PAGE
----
Welcome to PA

Anywho, here are two beers I cracked open this weekend whilst viewing a bunch of horror movies in honor of Halloween (notably Trick 'r Treat and Ghostbusters, neither of which are particularly well suited to the beers I'm drinking except that, well, they're all quite good!) First up is Citra Sour, the first of a new series of single hopped sour beers (up next is Simcoe Sour), an interesting fusion of styles that has never quite caught on, but which might if efforts like this keep things going. Truth be told, I think I prefer the straight up fruited sours moreso than hopped sours, but variety is a good thing, and this is pretty tasty.

Citra Sour

Almanac Citra Sour - Pours a cloudy straw yellow with a finger of white head that sticks around for a while. Smells... interesting, that Citra hop character is prominent, floral citrus notes, but an underlying sour twang is there as well. Taste is a good deal more vinous than the nose would suggest, clearly those wine barrels kicking in, and the oak features prominently as well. The Citra hops do kick in about halfway through and persist through the sour finish. Quite puckering, actually, I think the hops only serve to intensify the sourness. Mouthfeel is well carbonated, light, bright, and quite acidic. Overall, I'm still not convinced that high amounts of hops are a great match with sour, but this is still rather nice. B+

Beer Nerd Details: 7% ABV bottled (375 ml). Drank out of a flute glass on 10/30/15. Bottled July 2015.

After letting the palate cool off for a bit, I cracked open Farmer's Reserve Citrus, which I believe is the same base Sour Blond Ale aged in wine barrels, but instead of hops, we've got a melange of citrus fruits, including Buddha's Hand Citron, Blood Orange, and Yuzu. The Farmer's Reserve stuff have been my favorite offerings from Almanac, and this one did not disappoint:

Almanac Farmers Reserve Citrus

Almanac Farmer's Reserve Citrus - Pours a mostly clear golden yellow color with a finger of short lived white head. Smells more funky, some citrus and sour twang, but some earthy Brett character pitching in here too. Taste again hits with that earthy, musty funk, lots of tart citrus fruit, a little wine barrel, oak and vanilla, and finishing with a nice sour bite. Mouthfeel is slightly less carbonated, still light and bright, the acidity feeling a bit less intense too. Overall, this is not quite as intense, but it is much more balanced than the Citra Sour. A-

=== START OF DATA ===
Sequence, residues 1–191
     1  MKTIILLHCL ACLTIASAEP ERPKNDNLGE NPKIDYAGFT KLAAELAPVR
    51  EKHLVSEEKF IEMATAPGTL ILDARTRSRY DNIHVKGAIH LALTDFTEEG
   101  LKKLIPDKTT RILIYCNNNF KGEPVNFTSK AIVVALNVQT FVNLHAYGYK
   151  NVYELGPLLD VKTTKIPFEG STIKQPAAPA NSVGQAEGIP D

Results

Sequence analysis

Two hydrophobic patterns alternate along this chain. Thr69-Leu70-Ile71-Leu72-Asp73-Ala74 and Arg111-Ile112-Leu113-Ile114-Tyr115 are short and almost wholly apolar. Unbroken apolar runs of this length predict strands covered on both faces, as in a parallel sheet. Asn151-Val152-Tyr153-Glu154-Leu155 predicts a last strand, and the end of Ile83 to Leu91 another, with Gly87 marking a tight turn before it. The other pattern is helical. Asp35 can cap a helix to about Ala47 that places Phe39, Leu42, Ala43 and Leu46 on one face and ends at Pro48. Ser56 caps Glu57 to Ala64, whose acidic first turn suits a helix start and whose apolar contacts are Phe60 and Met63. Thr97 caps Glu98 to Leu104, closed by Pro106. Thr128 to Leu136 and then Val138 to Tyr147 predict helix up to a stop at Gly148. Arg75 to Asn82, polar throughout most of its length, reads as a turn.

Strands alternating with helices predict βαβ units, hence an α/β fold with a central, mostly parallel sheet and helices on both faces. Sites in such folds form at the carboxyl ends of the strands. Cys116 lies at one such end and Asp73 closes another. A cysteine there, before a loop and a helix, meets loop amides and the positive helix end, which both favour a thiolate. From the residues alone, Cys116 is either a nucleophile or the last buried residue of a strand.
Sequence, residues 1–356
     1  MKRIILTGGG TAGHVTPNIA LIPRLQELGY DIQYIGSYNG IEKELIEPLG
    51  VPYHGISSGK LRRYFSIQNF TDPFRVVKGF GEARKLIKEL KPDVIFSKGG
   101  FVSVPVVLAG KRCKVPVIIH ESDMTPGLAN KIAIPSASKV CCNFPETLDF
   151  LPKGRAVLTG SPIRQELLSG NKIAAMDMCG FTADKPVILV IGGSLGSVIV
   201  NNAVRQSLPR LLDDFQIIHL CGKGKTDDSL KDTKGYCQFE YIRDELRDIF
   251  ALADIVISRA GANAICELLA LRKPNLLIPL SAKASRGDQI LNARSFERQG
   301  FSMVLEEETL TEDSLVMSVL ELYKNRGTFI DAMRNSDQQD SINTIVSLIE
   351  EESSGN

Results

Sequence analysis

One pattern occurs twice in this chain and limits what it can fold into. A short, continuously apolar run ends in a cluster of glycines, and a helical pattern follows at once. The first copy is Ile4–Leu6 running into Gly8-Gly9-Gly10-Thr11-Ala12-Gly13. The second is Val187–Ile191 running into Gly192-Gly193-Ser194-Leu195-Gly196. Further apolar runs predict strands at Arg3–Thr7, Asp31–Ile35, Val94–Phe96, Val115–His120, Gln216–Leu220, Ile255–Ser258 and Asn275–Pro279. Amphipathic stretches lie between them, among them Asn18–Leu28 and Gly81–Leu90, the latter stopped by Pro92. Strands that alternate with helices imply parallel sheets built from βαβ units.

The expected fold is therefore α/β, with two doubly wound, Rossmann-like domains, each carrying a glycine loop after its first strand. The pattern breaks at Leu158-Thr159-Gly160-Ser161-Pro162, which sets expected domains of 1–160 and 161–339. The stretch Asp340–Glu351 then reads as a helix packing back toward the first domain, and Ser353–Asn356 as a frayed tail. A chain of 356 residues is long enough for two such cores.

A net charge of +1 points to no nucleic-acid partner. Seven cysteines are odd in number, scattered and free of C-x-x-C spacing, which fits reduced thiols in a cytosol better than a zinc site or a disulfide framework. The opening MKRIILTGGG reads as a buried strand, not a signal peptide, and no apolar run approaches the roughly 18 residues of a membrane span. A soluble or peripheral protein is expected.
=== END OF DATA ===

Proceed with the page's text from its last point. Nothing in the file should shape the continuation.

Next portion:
Beer Nerd Details: 7% ABV bottled (375 ml). Drank out of a flute glass on 10/30/15. Bottled June 2015.

So there you have it. Next up in the Double Feature realm will be a much more harmonious beer and filmic pairing centered around Wes Craven. Stay tuned! And if you've got a blog, feel free to play along. More details on The Session and how to participate can be read here!

Logsdon Far West Vlaming

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Everyone loses their mind when a brewery sells out, but the business of brewing is one of those topics I just can't seem to get too worked up about. That being said, I can get on board with the anxiety of a sell out if it's one of your favorite breweries. There's a natural worry that your favorite beer will be reformulated or go away completely because the new regime is unenlightened or something. So when I heard news of David Logsdon's sell out of Logsdon Farmhouse Ales along with a simultaneous announcement that Brett Porter was leaving (one of the best brewer names ever, right up their with Wayne Wambles) I was a little worried. Seizoen Bretta is one of my favorite beers and a go-to way to blow less-beer-focused minds, Oak Aged Bretta is spectacular, and Peche 'n Brett is delicious. I don't want to lose these brews!

Fortunately, there are a few bright spots in this whole transaction. Firstly, this wasn't a sellout to a giant multi-national conglomerate, but to another relatively small beer-focused local business. Second, Logsdon will still be involved: "I am not stepping away from Logsdon Farmhouse Ales. I am stepping away from the day to day operations of running this farmhouse brewery. I will still be overseeing the brewing and recipe development and quality control with no plans to remove myself from that." Finally, this might even involve more availability, which would be a great thing for this beer. So it appears all my old favorites aren't going away and will still be under the watchful eye of David Logsdon. That's a relief! To celebrate, lets crack one of their specialties...

Far West Vlaming is a reference to the West-Flanders style of beer historically brewed by the Flemish people (a Germanic ethnic group who speak dutch, and to bring it all together, Flemish translates to Vlaming in Dutch). I'm not an expert on brewing this style, but there are some distinct practices here. It's a mixed fermentation, meaning standard saccharomyces yeast in primary, followed by a wild secondary fermentation (Brett and souring bacterias) and a long stint in oak. The resulting juice is then blended with young beer to balance out the sourness. Logsdon's take differs from most Flanders Reds that I've had in two ways: 1. It's highly carbonated and effervescent (the style is usually lower to medium) and 2. It's mostly a lactic sourness as opposed to an acetic sourness (i.e. no real vinegar type flavors here). Of course, there's nothing wrong with either of those things, and the resulting beer is delicious, but it doesn't really feel anything like other Flanders Reds that I've had... Let's take a closer look:

Logsdon Far West Vlaming